The UK — and Scotland above all — stands to lose out on an enlarged and liberalized European Union action fund for fisheries which has hitherto mostly been used on seafood projects claiming environmental or regional development benefits.
Though three years distant, Brussels this week released its proposed budget for 2021-2027, just as Scotland and England wrestle with what there is to salvage from a Brexit deal to take the UK out of the EU.
Europe’s budget now includes a new EUR 6.4 billion European Maritime Fisheries Fund proposed “to meet the obligations imposed on (seafood players) by the Common Fisheries Policy,” a statement by the EU’s budget working group said on Thursday. The current fund for 2014-2020 stands at EUR 5.7 billion, and Scotland has benefited.
Fisheries Fund allotments — partly matched and distributed by national authorities — have helped build seafood processors and aquaculture infrastructure. Interestingly, Ireland’s aquaculture-interested have used the cash to learn about recirculated aquaculture systems, or RAS, at programs hosted in the EU.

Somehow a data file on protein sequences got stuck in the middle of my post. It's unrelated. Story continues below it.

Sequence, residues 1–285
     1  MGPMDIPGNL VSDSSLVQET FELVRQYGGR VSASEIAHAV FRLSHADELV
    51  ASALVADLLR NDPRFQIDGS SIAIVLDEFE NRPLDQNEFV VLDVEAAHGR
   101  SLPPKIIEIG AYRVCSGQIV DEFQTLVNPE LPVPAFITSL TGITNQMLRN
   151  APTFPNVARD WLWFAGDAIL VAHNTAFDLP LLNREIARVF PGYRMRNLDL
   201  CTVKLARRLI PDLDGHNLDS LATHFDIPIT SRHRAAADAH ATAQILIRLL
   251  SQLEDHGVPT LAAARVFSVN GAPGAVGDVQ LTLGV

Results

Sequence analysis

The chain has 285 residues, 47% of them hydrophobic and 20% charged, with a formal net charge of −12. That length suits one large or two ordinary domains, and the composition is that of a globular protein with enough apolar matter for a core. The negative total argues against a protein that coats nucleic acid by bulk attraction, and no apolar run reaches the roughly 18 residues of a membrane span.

While the current fund allotments favour those with a “green” aspect to their fisheries projects, the EU says the Fisheries Fund allocations to come will me more “liberal”. The focus, if any, will be “projects that create jobs”.
“The European Maritime and Fisheries Fund supports the implementation of operational programmes set out by Member States, measures to support fisheries, aquaculture and community-led local development, processing and marketing, compensation for the outermost regions, control and data collection activities as well as the Integrated Maritime Policy,” the trading bloc’s budget writers said.
Apart from those projects it oversees to “control” the direction of European fisheries, the bloc maintains the numbers of projects given help was 15,500, although about 60 percent of these in 2017 were individual fishing boats receiving grants.